The struggle of these workers forced the government to organise a special train on May 1 from Hyderabad to Jharkhand. Some workers managed to board this train. Thereafter, although work was resumed on the construction site on May 4, the majority of the remaining 600 workers were in no mood to return to work. They felt they simply could not withstand another indefinite lockdown, with no work and no wages in an alien environment. They have been demanding that the government organise for their transport home.
These are among the hundreds of thousands of workers, who have come from Bihar, West Bengal, Uttar Pradesh, Chhattisgarh and Jharkhand, to work on various projects. They are in a terrible condition, with no work and no wages and often no place to live. They are being forced to run from pillar to post, to wait for hours on end, at local police stations and the railway station, in order to register themselves and get a ticket to go back home. As their anger and desperation is mounting, they have clashed with the police and authorities at various places.
Karnataka private college and school teachers demand payment of salaries
School teachers, college lecturers and non-teaching staff of several private educational institutions across Karnataka have not been paid their salaries for the last two months— March and April— causing great financial distress to them and their families, as highlighted by the All India Save Education Committee. The Committee has demanded that the government announce a relief package for all teachers and lecturers working in private schools and colleges, including staff of colleges teaching professional courses and guest faculty working in government / aided colleges and schools.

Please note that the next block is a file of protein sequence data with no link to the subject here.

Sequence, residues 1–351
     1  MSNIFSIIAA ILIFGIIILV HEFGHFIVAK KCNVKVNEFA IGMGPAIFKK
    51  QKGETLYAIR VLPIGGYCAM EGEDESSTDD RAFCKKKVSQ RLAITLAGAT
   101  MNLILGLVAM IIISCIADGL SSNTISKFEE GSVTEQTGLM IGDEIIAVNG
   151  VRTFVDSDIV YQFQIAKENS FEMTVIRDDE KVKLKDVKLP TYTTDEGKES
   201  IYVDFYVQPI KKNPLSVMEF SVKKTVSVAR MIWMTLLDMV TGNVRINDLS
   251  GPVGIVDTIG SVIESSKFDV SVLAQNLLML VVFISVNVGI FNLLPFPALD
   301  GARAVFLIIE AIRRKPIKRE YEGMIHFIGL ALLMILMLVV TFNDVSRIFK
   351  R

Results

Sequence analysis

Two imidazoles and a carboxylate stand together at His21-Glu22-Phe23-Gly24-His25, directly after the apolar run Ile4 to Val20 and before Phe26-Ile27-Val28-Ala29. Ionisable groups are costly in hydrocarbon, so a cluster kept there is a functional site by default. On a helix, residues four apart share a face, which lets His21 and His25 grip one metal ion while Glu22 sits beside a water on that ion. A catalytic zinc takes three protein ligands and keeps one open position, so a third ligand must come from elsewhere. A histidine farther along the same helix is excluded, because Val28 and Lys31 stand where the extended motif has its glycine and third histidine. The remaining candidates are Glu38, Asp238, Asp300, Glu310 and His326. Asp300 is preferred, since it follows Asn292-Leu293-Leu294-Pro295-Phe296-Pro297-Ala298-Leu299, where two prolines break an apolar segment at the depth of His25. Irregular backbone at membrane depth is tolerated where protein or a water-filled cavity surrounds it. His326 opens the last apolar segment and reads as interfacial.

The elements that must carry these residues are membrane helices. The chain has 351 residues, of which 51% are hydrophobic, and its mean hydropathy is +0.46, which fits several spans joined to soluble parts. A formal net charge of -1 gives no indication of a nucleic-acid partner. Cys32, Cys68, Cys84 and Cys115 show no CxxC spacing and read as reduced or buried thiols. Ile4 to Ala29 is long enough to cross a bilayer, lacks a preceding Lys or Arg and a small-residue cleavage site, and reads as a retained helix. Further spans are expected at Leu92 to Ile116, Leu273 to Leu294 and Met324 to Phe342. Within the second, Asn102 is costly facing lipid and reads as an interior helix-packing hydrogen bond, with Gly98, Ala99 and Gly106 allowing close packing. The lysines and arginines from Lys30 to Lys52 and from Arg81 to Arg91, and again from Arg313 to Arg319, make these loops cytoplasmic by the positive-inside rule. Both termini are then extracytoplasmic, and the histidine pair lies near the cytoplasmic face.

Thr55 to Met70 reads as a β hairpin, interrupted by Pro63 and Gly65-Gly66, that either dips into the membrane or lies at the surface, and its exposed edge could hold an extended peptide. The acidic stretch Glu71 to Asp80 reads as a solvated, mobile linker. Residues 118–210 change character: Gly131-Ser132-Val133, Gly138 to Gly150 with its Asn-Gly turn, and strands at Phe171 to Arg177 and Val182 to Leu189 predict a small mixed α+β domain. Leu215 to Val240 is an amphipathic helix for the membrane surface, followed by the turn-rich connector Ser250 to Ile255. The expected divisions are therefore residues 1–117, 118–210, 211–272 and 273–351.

Karnataka is a major education hub with thousands of government and private educational institutions. There are more than 3 lakh such staff in the state. These include working teachers in unaided institutions, guest faculty in government schools and colleges and private college lecturers. They get salaries of an average of Rs 3,000 to Rs 15,000 per month.
The condition of these teachers and lecturers is really pathetic. Their salaries are already very low and the non-payment of salaries for the lockdown period has hit their family incomes hard. The teachers are also worried that when the schools and colleges re-open after many months, the private managements will resort to large-scale retrenchment of teachers, impose onerous workloads on them and force them to work for many more months without pay, using the excuse of the economic downturn caused by the COVID-19 pandemic. Many teachers are afraid to speak up for fear of losing their jobs.
Most degree colleges have about 50% guest lecturers on their rolls. The college managements terminate the guest lecturers every semester to avoid having to regularise them. These guest lecturers are the first to be laid-off in such circumstances. The permanent lecturers who have been taking on-line classes through the lockdown period are also being forced to take a 40% salary cut, while non-teaching staff have had a 60% salary cut imposed on them.
Private school teachers are also facing pay cuts and denial of payment of salaries. Many have been told that they will get their salaries only after the schools re-open, adding to their uncertainty and insecurity.
Nurses in Tamilnadu demand parity in wages and wage hike
Nurses in private and government hospitals of Tamilnadu, who are among the frontline warriors in the battle against COVID-19, are struggling against the attempts of the hospital managements to deny them their salaries and allowances. Nurses in private hospitals in the state are demanding to be paid their salaries and allowances without any cuts. The contract nurses in government hospitals are complaining about their miserably low salaries and demanding salaries equal to those of their counterparts in other parts of the country.